Welding Processes: A Closer Look At SMAW
Perhaps the most fundamental of all welding processes is Shielded Metal Arc Welding (SMAW), also known as “stick welding.” This core welding method was developed over a hundred years ago and even today remains the most common form of arc welding. SMAW certainly has a number of excellent advantages that make it indispensable for many applications. However it also has some limitations that may make other welding processes a better choice for certain situations.
What Is SMAW?
SMAW is a form of arc welding that uses a covered, consumable metal electrode to shield the weld. The electrode is covered in a flux coating that melts as the weld is laid, thereby releasing a vapor that protects the weld from atmospheric contamination. Because of the primacy of the metal electrode the term “stick welding” is often used to refer to SMAW.
SMAW may utilize a variety of different sizes and types of electrodes depending on the particular application and other factors. The type and size of the electrode in turn affects the arc voltage requirements that will be needed, which may vary over a range of 16 to 40 volts. Similarly the amperage requirements for the weld may vary from as few as 20 amps all the way up to 550 amps. Either alternating current or direct current may be used depending on the electrode. In general larger electrodes are best suited for higher deposition rates and use higher currents.
SMAW requires skill on the part of the welder in order to strike the arc, maintain the proper speed and angle, and make adjustments as necessary to optimize the weld. SMAW is often learned as the first welding process because many of the skills and proficiencies gained in SMAW will translate well to other welding processes. SMAW also remains one of the most trusted welding processes.
The Advantages of SMAW
SMAW has many great advantages which make it a continuing staple in most industrial settings. These advantages include:
- Relatively simple equipment
- Most portable of all welding processes
- No need for separate gas shielding
- Can be used in a wide range of environments including outdoors, in fabrication shops, on pipelines and refineries, on ships and bridges, and more.
- Is not sensitive to wind and draft
- Well suited for a wide variety of commonly used metals and alloys
- Can be powered with gasoline or diesel in remote areas without electrical connections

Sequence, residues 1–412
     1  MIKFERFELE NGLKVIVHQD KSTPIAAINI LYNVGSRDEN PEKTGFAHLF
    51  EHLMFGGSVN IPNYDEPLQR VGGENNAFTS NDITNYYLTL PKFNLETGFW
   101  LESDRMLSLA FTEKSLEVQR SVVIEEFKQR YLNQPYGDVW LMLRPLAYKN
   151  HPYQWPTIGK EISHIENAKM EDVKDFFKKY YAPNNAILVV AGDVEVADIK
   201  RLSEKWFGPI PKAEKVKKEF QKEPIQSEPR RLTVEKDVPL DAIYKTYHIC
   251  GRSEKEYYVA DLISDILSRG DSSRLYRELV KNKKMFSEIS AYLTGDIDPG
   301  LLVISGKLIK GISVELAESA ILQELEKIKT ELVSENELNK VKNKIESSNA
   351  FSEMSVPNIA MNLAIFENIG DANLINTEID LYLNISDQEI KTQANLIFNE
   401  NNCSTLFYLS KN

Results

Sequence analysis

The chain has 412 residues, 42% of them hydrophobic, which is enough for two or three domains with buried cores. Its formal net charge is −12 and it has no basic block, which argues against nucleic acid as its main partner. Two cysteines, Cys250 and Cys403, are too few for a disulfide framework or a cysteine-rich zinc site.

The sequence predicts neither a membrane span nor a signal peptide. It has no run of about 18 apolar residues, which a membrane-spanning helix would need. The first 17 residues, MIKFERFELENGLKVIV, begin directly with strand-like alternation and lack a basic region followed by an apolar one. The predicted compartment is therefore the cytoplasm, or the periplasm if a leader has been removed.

- Equipment and knowledge of technique are already widely in place in most industrial settings
The Disadvantages of SMAW
SMAW has some great advantages, but there are of course also disadvantages, which may not make it the best choice for certain projects. Some of the disadvantages include:
- Is not automated and thus usually has lower productivity rates than automated processes
- Deposition rates are typically lower than for other welding processes
- Requires more operator skill than many other processes
- Isn’t suitable for metals that are reactive including: titanium, columbium, and zirconium
- May spatter and require extra cleanup.
The Industrial Uses of SMAW
SMAW has a huge range of industrial uses. One of the major reasons for this is that it has such great portability and can be used in so many different settings with limited time and effort spent on setup. The relative simplicity of SMAW equipment compared to other welding processes also means that there are fewer things that can go wrong or break down. For example the tubular electrode of FCAW could kink up and not feed properly, resulting in welding defects. Likewise many welders learn to weld using the SMAW process making it relatively easily to find qualified craftsmen.
STI Group is proud to offer high quality SMAW services in addition to a variety of other welding processes. Our welders and craftsmen are NCCER certified and highly skilled. We are committed to providing outstanding fabrication and industrial services to our client and we rigorously test our welds to ensure that they are safe, strong, and defect-free.